Skintrack Sketches: Skiing, art and loss through the eyes of Sandra Fransson

Sandra Fransson in her element. [Photo] Frida Berglund

Hailing from the town of Lulela in Swedish Lapland, Sandra Fransson has been shaped by mountains. From ski instructing in Colorado’s Rocky Mountains to chasing winter in the Australian Alps and painting summits and slopes across the globe, she’s chased winter for work and pleasure.

On Sept. 29, 2014, however, her relationship with these environments changed forever when her brother and famed freeskier, Andreas Fransson, along with freeskier JP Auclair, died in an avalanche in Argentina.

Since the accident, the high-alpine landscapes that Sandra captures through vibrant and whimsical mosaic paintings have become a place of fear, remembrance and renewal. We caught up with her five years after her loss to discusses her views on skiing after tragedy and the ways in which mountains that have taken on new meaning in her life. Here’s what she had to say.

Image Title: Whiteout

Backcountry Magazine: When did you first start to incorporate skiing into your art?

Sandra Fransson: When I was 12 years old, my family had a photo of my brother on the wall in the hallway—he was doing a nose grab. I thought it would be so cool if I could paint this in mosaic form, but I didn’t know how.

I got away from art and painting for quite a while when I began to travel the world teaching skiing. When I was 25, I did a meditation camp and the memory of the nose grab came to me. I realized I now knew how to make the mosaic and after I came home from that meditation camp I went to a hardware shop, bought everything I needed and began to paint full time. It was a natural process—painting skiers—because I was skiing all the time.

Image Title: Change (You can find this artwork at Gold Mountain Gallery Telluride, Colorado).

BCM: What messages are you trying to convey by using mosaic painting and mixed mediums?

SF: I try to give a deeper dimension to the artwork through mosaic. By seeing my paintings, I want to bring people outside, to motivate them to go out on adventures and be in nature. For example, I’ve done a lot of paintings for ski resorts and other mountain areas. When people come in and see my paintings after being outside in the snow, I want them to think about their time there. My art should be a window into the viewer’s own adventures.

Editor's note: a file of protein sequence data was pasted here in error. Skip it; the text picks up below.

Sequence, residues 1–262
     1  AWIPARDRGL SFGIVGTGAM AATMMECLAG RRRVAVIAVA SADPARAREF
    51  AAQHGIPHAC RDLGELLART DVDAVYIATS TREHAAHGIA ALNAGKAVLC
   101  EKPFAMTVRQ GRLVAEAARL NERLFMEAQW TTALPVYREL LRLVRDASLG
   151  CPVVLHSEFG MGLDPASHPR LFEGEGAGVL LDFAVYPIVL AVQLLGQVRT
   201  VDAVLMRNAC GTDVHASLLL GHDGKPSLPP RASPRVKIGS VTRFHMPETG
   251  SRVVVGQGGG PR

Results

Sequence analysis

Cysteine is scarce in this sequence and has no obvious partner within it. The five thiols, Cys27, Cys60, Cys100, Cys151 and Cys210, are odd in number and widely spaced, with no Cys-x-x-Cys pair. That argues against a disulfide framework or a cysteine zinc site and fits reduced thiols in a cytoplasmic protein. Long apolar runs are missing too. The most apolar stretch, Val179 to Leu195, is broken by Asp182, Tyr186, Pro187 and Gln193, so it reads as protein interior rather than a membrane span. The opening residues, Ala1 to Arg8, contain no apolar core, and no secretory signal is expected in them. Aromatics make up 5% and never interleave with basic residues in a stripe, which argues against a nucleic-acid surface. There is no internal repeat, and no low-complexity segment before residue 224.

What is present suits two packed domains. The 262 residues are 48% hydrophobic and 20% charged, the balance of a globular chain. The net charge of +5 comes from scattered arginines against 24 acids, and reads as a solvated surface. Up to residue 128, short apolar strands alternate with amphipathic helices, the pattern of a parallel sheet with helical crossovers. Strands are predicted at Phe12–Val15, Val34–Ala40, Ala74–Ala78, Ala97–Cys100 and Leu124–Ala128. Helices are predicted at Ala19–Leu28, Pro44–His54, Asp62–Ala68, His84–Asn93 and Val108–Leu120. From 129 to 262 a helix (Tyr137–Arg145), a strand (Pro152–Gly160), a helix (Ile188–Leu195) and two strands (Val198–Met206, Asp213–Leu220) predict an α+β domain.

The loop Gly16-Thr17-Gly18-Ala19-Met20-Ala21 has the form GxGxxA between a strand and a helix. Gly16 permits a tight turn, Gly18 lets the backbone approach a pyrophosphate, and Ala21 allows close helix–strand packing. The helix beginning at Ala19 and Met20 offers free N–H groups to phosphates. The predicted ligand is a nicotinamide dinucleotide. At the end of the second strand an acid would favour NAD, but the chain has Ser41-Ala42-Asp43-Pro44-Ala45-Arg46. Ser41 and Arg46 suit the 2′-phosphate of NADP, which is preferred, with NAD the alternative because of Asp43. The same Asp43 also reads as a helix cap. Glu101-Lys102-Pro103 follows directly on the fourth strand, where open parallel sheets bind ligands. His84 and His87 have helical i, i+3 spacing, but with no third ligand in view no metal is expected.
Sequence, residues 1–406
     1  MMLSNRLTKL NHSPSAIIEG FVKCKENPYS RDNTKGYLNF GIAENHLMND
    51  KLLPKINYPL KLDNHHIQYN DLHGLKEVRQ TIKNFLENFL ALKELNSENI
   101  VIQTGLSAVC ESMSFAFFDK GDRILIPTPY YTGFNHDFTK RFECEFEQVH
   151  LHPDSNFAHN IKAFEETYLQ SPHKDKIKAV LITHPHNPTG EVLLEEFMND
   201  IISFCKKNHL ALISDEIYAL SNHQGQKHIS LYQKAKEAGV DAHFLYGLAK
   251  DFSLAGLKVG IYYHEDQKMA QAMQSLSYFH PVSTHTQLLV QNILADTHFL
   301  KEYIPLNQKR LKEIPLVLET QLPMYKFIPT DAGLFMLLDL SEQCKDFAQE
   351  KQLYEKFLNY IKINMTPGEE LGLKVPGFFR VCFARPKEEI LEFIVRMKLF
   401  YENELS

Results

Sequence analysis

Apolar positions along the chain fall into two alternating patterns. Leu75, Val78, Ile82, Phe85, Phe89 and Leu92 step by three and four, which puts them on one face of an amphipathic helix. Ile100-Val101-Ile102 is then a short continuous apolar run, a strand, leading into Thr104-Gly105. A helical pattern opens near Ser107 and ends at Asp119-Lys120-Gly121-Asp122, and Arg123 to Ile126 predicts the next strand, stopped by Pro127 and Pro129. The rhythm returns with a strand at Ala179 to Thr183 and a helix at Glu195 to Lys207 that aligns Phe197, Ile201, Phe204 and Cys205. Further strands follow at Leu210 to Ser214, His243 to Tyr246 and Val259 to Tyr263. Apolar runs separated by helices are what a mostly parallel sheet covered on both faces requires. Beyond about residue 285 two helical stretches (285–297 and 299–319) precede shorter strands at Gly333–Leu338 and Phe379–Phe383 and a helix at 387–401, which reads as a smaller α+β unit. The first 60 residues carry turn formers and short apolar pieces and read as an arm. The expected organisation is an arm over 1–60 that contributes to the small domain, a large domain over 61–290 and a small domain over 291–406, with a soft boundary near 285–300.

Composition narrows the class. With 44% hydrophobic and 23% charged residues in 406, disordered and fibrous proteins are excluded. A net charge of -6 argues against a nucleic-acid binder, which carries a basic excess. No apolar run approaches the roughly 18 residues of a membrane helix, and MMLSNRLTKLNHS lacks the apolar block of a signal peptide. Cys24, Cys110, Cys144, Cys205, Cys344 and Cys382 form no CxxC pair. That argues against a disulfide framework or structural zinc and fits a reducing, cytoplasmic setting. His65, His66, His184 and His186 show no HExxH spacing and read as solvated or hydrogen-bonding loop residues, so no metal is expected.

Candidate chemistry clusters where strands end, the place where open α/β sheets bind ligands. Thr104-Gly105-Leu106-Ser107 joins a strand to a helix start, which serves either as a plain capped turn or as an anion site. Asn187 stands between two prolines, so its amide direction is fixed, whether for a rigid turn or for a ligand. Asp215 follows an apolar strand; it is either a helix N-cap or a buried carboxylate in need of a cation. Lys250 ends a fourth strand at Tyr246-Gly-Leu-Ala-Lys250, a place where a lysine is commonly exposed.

Image Title: Tour

BC: How has your art change after the accident in Argentina?

SF: After my brother passed away, painting skiers was a way for me to process his death. When I look back on the past few years, the focus of a lot of the paintings has been on Andreas. It’s been a way for me to process everything that happened and reflect on my life. I feel like it’s something deeper in me because I found my idea for artwork when I was on this silent meditation. It is something that I have to do.

BCM: How has your nonprofit Safe Passions helped carry on Andreas’s memory?

SF: I started the nonprofit because of my brother. He was a freeskier, but was also training to become a mountain guide. He was always telling me how a lot of young guys and girls contacted him asking to ski with him. When he was done with his own education, he wanted to start teaching these kids mountain safety and help them in the same way that he was helped when he was younger. He didn’t have the time to do that, but I wanted to bring that idea to life. We’ve done a lot of avalanche training courses with the mountain guides in Chamonix and have had a lot of good skiers participate and get that extra knowledge about mountain safety in a fun way.

Fransson channels her emotions. [Photo] Love Samson

BCM: How have your feelings about skiing progressed?

SF: It’s been a journey. [My brother’s death] has changed me and I’m more scared of [skiing] now. The years after his death were quite difficult; I didn’t want to ski too much and I’m starting to miss it now. He was skiing at a different level than I was and was unlucky when the accident happened, but it changed my way of looking at skiing. Now I feel like he’s always in the mountains with me when I’m out there and a part of him when I’m skiing.

Image Title: Let Go

BCM: Where do you see your skiing and your relationship with the outdoors going from here?

SF: I’m not living in the mountains in the same way that I did a few years ago. I’ve painted a lot more skiing and experienced it more again—being on skis. I’m starting to get ready to be in the mountains more every year that passes from the accident.

Image Title: From darkness into the light. All poster purchase proceeds go directly to the nonprofit, Safe Passions.

Sandra Fransson’s work has been featured in galleries around the world and on limited edition Salomon skis. She currently lives in Stockholm, Sweden where she is continuing to paint mountain art and advance the mission of Safe Passions. For more information on Safe Passions or to donate to the organization, visit

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